As a very young person, subjects like these were mind blowing to me and I thoroughly enjoyed psychology, astrology and the likes. But like any young person, my attention was also short lived. I tucked my Enneagram books away after a while and they stayed on the shelves for a long time.
In recent years, Enneagram appeared once again in my life. And this time, it was through Cindy Leong from Relationship Studio. Cindy is a relationship coach and she uses the Enneagram system as a personal development tool for her clients. She coaches individuals, couples and companies on how to have better relationships with others, by first understanding self.
I did my test with her and we also had a one-on-one consultation.
The test revealed once again that the Type 5 is still my pre-dominant energy.
In the system that Cindy uses, the types are called:
- Type 1 – Perfectionist – the need to be perfect
- Type 2 – Helper – the need to be needed
- Type 3 – Performer – the need to succeed
- Type 4 – Individualist – the need to be special
- Type 5 – Investigator – the need to perceive
- Type 6 – Loyalist – the need for security
- Type 7 – Epicure – the need to avoid pain
- Type 8 – Challenger – the need for power
- Type 9 – Peacemaker – the need to avoid conflict
As you can see the meaning is similar to what I have extracted from the books.
Taking the test as I have done 20 years ago was a good first step. But what I have found highly beneficial this time, was the one-on-one consultation with Cindy. As she is an expert in this field, and I know that she has travelled long distances to meet her mentors/teachers to help her to stretch and expand her learning, Cindy was able to give me more insights than what the test showed me. At that point, I wished I had seen someone 20 years ago with my test results!
But as they say, it is never too late to learn anything new.
The test showed my responses to the questions, and there were raw scores and percentile scores given as well. Without Cindy’s help, I do not think I would be able to interpret the scores effectively. She helped me to see where I was at, and what strengths and resources I was not using at that point, and also how I could enable myself further positively by using some of the other qualities in the other Types that were available to me.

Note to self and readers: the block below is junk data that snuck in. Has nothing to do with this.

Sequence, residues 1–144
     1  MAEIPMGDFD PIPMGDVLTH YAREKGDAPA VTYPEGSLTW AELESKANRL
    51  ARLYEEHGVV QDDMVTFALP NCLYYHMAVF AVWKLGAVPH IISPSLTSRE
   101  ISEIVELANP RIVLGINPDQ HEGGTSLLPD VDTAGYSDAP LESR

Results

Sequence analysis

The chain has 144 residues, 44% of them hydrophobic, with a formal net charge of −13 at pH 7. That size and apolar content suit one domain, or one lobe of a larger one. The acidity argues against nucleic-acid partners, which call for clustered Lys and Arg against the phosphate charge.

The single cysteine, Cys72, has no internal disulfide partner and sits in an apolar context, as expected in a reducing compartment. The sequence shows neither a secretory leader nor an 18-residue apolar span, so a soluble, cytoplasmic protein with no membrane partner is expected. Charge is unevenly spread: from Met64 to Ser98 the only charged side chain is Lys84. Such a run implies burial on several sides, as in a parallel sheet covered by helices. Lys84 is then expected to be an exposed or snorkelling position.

All in all, I would say that I really enjoyed the session, it was like a coffee date with a girl friend who was able to be fully present and completely honest with me who offered me new insights and revelations about myself. Cindy was professional, approachable and open in her approach which I truly appreciate. As Type Fives go, we tend to be stingy with sharing our minds and hearts, and I know I have a tendency to only share transparently with people I have taken time to trust. But Cindy made it possible for me to open up quite candidly, so that she is able to assist me further in my understanding of self.
So here’s a big shout out to Cindy Leong from Relationship Studio! 🙂
I highly recommend Cindy if you would like to learn more about the Enneagram and how it can assist you in your personal development. I can also see how the Enneagram can help couples to improve on their relationship and learn how to communicate more effectively.
Another area which the Enneagram should be adopted is at the workplace. Can you imagine running a business and being able to understand your staff well through this system? You would be playing up the strengths of each person and giving the right people the right tasks! And I know Cindy is also very experienced in this particular area of corporate work.
If you wish to contact Cindy, do drop an email to my assistant email@example.com and she will help you to get in touch with her. Sessions can also be done via Skype.
© 2016 Shamala Tan